function replaceLineBreaksWithHorizontalRulesInElement( element )
    elems = element.getElementsByTagName( 'br' );
    for ( var i = 0; i < elems.length; i ++ )
        br = elems.item( i );
        hr = document.createElement( 'hr' );
        br.parentNode.replaceChild( hr, br );

So in short, it's not optimal, but here is my solution.

  • ‘I can't change the html unfortunately’ dc3 wrote.
    – viam0Zah
    May 27 '09 at 6:45
  • 2
    @Török: The answer i posted is not purely for the OP but for everyone ever finding this page with a similar question.
    – Kris
    May 27 '09 at 7:49

BR is an inline element, not a block element.

So, you need:

    border-bottom:1px dashed black;
    display: block;

Otherwise, browsers that are a little pickier about such things will refuse to apply borders to your BR elements, since inline elements don't have borders, padding, or margins.

  • Inline elements do have borders, paddings and margins -- only behave other way.
    – viam0Zah
    May 22 '09 at 18:49
  • I am trying things out in Fx with Firebug. I had tried that too but it didn't work for me. I notice that the slash in the line break tag is not floating (if that is the correct terminology), ie..there is no space between the br and the /. is this a factor. I had thought that there had to be a space. I edited the html anyway in firebug to fix this and still nothing. anyway thanks for all the help people - never used this site before and I am very surprised how fast I got a response. great community you got here.
    – dc3
    May 22 '09 at 18:54
  • 2
    @richard: Have you actually tested this, if so, which browser(s)? I tried it in IE 6, 7 & 8, Firefox 2, 3 & 3.5B4, Safari 3 & 4 for Windows, Opera 9.6 & 10 (beta) and Google Chrome (version 1) and it didn't work in any of them. May 22 '09 at 18:58

this seems to solve the problem:

<!DOCTYPE html>

<style type="text/css">
#someContainer br { display:none }
#someContainer br + a:before { content:"|"; color: transparent; letter-spacing:-100px; border-left: 1px dashed black; margin:0 5px; }

<div id="someContainer"><a>link</a><br /><a>link</a><br /><a>link</a></div>

old question but this is a pretty neat and clean fix, might come in use for people who are still wondering if it's possible :):

    content: '.';
    display: inline-block;
    width: 100%;
    border-bottom: 1px dashed black;

with this fix you can also remove BRs on websites ( just set the width to 0px )


This will work, but only in IE. I tested it in IE8.

br {

  border-bottom: 1px dashed #000000;
  background-color: #ffffff;
  display: block;

I placed a <br> tag into a <span> tag and was able to use display:none; on the <span> to control when not to use the <br> tag using Media Queries.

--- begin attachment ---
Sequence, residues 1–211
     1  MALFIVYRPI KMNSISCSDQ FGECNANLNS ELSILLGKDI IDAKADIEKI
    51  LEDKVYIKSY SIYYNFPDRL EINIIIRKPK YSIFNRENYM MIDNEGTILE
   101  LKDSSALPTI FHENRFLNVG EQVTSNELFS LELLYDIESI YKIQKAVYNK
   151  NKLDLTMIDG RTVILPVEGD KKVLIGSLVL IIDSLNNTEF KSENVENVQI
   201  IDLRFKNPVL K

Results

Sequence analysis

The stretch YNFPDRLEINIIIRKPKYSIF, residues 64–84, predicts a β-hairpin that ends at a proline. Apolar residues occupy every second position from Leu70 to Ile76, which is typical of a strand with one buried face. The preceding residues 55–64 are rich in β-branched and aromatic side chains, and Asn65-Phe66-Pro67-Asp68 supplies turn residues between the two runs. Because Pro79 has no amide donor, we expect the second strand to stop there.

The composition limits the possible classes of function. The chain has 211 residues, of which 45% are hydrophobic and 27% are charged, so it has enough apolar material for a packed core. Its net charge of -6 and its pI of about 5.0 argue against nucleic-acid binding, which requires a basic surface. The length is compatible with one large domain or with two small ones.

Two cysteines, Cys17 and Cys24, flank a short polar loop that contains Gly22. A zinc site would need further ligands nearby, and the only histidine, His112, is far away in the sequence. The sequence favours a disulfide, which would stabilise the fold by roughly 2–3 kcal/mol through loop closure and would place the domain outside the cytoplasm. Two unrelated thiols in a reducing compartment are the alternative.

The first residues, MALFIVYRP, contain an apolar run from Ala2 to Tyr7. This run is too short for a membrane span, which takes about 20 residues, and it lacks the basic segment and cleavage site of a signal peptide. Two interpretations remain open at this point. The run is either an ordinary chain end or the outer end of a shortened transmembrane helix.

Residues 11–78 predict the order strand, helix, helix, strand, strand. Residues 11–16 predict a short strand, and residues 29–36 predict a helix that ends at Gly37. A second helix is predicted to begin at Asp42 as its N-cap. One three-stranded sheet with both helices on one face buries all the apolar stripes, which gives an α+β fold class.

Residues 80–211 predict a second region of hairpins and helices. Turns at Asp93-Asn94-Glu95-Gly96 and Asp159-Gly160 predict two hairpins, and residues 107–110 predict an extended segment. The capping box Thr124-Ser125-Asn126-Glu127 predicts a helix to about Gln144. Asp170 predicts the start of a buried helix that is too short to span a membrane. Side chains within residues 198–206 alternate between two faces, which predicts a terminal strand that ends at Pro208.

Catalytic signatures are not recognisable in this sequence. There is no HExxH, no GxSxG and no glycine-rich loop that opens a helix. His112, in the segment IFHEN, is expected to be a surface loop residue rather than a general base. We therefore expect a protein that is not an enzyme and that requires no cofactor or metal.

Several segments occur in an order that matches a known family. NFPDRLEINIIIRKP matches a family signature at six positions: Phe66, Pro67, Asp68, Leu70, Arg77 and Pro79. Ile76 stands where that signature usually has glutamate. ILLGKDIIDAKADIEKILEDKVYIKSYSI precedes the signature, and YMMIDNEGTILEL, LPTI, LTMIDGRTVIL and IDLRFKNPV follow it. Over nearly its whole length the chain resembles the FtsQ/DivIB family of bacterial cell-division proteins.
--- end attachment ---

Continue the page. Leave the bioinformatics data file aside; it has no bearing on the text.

• 1
    Why not just target the <br> directly instead of wrapping it in a span?
    – Gavin
    Sep 14 '16 at 14:38

This is CSS 101.

Why make simple things so difficult???? Why use
in the first place?

Isn't it just much easier to press enter/return while writing, and just start a new paragraph after each line of text?

You can still make it look like you used < /br> by limiting the padding and margins. Then set a bottom border style to the p selector in CSS.

If you want your last line of text not to have a dashed line under it, only in between the text lines (as a visual separation), simply add an id to the

tag of the last line of text only, and write the CSS for it.

View here:

p {
  padding-bottom: 10px;
  margin-top: 0px;
  margin-bottom: 10px;
  border-bottom: dashed 2px #777;
 p#lastLine {
 border-bottom: none;
This is a line of some very nice text. And mind you, this is no joke!
<p >
And this is another line of some very nice text. 
<p >
And this is another line of some very nice text. 
<p >
And this is another line of some very nice text. 
<p id="lastLine">
And this THE LAST LINE line of some very nice text. This is great!


Why not just use the HR tag? It's made exactly for what you want. Kinda like trying to make a fork for eating soup when there's a spoon right in front of you on the table.

  • works not for all use cases cause hr is a block element - therefor styling is limited
    – Thariama
    Jun 9 '10 at 9:15
  • 1
    Apparently he wants to use clear:all, see Gabor's excellent reply. So your fork metaphor makes no sense whatsoever.
    – eddy147
    Aug 11 '10 at 20:26